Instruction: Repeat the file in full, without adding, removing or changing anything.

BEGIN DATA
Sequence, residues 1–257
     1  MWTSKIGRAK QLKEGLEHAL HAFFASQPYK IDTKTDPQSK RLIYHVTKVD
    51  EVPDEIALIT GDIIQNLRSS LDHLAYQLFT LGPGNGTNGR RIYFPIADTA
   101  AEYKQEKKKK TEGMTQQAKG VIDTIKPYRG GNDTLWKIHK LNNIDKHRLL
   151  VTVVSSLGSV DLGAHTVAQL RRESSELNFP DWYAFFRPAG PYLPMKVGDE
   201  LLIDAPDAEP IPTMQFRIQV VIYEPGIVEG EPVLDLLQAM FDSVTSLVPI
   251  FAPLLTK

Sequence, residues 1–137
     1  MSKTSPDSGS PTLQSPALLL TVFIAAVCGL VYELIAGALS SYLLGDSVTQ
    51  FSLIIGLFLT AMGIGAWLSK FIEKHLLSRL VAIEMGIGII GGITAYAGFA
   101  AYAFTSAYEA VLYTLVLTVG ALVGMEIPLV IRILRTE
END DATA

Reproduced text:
Sequence, residues 1–257
     1  MWTSKIGRAK QLKEGLEHAL HAFFASQPYK IDTKTDPQSK RLIYHVTKVD
    51  EVPDEIALIT GDIIQNLRSS LDHLAYQLFT LGPGNGTNGR RIYFPIADTA
   101  AEYKQEKKKK TEGMTQQAKG VIDTIKPYRG GNDTLWKIHK LNNIDKHRLL
   151  VTVVSSLGSV DLGAHTVAQL RRESSELNFP DWYAFFRPAG PYLPMKVGDE
   201  LLIDAPDAEP IPTMQFRIQV VIYEPGIVEG EPVLDLLQAM FDSVTSLVPI
   251  FAPLLTK

Sequence, residues 1–137
     1  MSKTSPDSGS PTLQSPALLL TVFIAAVCGL VYELIAGALS SYLLGDSVTQ
    51  FSLIIGLFLT AMGIGAWLSK FIEKHLLSRL VAIEMGIGII GGITAYAGFA
   101  AYAFTSAYEA VLYTLVLTVG ALVGMEIPLV IRILRTE